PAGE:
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A Season of Gratitude and Thankfulness: True Gratitude

A Season of Gratitude and Thankfulness:  True Gratitude

Our society seems to push gratitude in a context of comparison:

  • Thank you for my health (that I’m not sick like that person)
  • Thank you for my family (that I’m not alone like that person)
  • Thank you for my home (that I’m not like that homeless person)
  • Thank you for food to eat (that I’m not starving like those children in Africa)

We see others that we judge to be less fortunate than us and use that as an opportunity to feel grateful.  What happens though, when your world falls apart and you find fewer and fewer people fall into that “less fortunate” category?  How do you still find gratitude in your heart when your world is crumbling?  How do we find gratefulness in the absence of health, family, and material possessions?

Perhaps we need a mind shift away from the “I’m so thankful I’m not like that person” to a place of genuine gratitude for the good and the bad and the way those together have formed our life.  Wesley’s birth, and subsequent disability, was not my plan.  I didn’t end up with the birth I wanted nor with a healthy baby.  I could say, “I’m so grateful he survived” which has definite truth to it, but what about the family whose baby didn’t survive?  What do they have to be thankful for?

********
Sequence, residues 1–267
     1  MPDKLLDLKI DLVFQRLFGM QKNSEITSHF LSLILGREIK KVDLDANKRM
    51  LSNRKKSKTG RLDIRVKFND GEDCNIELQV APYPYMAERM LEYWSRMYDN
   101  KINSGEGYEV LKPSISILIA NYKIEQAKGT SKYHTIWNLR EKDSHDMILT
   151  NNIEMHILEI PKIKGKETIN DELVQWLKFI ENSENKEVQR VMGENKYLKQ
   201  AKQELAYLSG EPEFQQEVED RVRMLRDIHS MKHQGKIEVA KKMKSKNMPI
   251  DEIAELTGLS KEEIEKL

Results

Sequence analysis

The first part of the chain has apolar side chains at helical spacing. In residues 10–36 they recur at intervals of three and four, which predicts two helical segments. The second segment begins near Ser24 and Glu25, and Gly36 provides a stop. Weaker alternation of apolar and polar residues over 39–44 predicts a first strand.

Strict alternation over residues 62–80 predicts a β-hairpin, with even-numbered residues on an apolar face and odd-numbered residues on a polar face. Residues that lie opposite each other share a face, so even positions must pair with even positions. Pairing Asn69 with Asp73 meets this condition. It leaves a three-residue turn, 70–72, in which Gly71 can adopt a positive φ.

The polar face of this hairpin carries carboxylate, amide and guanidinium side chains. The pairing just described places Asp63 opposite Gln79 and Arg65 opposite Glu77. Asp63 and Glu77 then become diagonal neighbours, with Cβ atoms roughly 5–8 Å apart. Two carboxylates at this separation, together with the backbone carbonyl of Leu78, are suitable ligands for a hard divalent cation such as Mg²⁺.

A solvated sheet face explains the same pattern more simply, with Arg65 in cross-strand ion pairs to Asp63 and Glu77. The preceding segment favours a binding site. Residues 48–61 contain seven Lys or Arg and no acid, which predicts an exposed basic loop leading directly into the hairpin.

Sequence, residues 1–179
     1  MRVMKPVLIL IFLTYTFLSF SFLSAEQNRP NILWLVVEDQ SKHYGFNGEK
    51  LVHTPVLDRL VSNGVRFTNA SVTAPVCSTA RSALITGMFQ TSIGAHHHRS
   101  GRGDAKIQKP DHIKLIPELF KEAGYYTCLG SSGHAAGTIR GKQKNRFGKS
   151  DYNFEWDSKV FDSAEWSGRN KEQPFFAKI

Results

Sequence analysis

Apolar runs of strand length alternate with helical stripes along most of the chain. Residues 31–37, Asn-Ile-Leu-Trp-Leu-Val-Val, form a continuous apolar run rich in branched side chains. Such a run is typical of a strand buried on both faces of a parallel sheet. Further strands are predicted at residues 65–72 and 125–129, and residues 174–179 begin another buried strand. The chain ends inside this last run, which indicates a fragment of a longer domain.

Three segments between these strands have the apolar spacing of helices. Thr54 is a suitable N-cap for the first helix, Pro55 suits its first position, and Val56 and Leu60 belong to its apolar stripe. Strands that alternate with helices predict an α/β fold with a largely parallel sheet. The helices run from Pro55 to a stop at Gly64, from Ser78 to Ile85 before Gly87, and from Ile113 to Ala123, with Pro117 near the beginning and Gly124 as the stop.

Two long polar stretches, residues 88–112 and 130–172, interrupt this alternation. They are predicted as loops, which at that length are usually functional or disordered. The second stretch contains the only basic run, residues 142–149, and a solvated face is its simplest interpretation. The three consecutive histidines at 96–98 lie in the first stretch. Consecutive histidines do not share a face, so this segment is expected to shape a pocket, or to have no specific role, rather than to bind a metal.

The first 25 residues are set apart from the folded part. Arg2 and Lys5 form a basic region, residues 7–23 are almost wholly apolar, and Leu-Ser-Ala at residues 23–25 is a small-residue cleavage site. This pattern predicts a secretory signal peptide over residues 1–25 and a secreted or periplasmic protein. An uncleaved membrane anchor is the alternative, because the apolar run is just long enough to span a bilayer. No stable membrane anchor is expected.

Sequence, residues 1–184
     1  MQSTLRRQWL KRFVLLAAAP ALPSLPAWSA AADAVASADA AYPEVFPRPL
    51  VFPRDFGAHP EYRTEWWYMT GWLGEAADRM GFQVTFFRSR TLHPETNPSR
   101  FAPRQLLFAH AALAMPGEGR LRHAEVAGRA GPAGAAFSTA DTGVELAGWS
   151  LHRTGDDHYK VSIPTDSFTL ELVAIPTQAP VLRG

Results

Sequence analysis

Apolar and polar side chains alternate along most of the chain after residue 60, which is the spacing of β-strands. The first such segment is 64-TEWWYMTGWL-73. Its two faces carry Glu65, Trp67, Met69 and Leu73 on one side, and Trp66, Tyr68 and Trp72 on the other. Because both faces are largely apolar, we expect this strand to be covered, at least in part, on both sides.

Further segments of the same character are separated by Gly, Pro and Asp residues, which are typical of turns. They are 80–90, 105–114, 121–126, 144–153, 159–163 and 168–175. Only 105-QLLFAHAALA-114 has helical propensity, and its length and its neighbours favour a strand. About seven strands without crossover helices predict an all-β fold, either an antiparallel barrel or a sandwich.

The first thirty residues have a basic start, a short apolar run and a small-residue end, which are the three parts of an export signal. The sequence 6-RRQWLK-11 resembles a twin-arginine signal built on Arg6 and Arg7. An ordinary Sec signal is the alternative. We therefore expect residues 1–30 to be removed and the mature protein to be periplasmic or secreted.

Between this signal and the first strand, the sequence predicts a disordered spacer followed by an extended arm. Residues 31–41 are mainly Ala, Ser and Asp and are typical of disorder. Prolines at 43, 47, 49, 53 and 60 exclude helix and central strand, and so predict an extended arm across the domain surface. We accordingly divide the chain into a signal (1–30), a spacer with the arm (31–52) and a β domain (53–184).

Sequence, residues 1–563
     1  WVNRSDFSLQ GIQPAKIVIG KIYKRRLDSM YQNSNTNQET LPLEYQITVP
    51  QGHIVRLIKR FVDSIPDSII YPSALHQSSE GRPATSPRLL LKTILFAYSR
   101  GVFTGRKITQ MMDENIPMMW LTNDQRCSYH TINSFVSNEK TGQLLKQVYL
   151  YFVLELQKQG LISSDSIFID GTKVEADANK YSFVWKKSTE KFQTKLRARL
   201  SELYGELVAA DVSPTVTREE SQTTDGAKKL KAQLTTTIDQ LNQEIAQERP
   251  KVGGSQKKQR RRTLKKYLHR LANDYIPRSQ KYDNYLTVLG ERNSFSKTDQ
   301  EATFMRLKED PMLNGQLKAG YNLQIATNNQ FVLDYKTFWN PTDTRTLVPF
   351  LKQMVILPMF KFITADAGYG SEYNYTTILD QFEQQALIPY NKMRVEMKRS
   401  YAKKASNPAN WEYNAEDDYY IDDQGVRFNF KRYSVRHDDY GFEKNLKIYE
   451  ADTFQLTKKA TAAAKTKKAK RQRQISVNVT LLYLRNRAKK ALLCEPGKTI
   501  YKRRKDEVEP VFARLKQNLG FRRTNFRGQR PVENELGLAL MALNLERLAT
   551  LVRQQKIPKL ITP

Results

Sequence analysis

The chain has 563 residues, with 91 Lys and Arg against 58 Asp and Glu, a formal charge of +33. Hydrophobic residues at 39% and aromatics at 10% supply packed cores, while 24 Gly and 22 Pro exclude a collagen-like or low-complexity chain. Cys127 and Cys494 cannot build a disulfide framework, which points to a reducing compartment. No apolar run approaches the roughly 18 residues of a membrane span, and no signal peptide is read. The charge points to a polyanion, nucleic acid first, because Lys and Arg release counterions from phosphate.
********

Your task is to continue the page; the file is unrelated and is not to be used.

True gratitude that can withstand the most challenging and heartbreaking situations imaginable comes from an acknowledgement that there is a higher purpose in all of this.  That the messy threads of our life are being woven together by a masterful Artist who sees the whole picture not our limited perspective.  That I can choose gratitude.

So today, even when it doesn’t always feel true, I choose to say:

  • Thank you for seizures
  • Thank you for smiles
  • Thank you for cerebral palsy
  • Thank you for community
  • Thank you for sickness
  • Thank you for progress
  • Thank you for suffering
  • Thank you for strength

Because the gratitude in my heart shapes my attitude towards my life.  I can’t change my circumstances but I can change my attitude towards them.  So today, I choose gratitude.

Editor’s Note:  As we move through this journey of parenting our sons and daughters, we are grateful for those parents who have come before us and those who walk beside us!  We’ve asked several P2P Members to share their thoughts on thankfulness and gratitude and we’d like to hear yours also! Email our group at p2p-co@yahoogroups.org  

 Want to become a P2P-CO Member?  It’s free and easy to JOIN US!

Megan Bowser is a mom of three little ones (5, 3, and 1), Army wife, and former math teacher. Her introduction to parenting was marked by her son’s brain injury and subsequent cerebral palsy diagnosis which has lead her on a journey to help him reach his highest potential and offer support to other families walking a similar journey.

 

 

 

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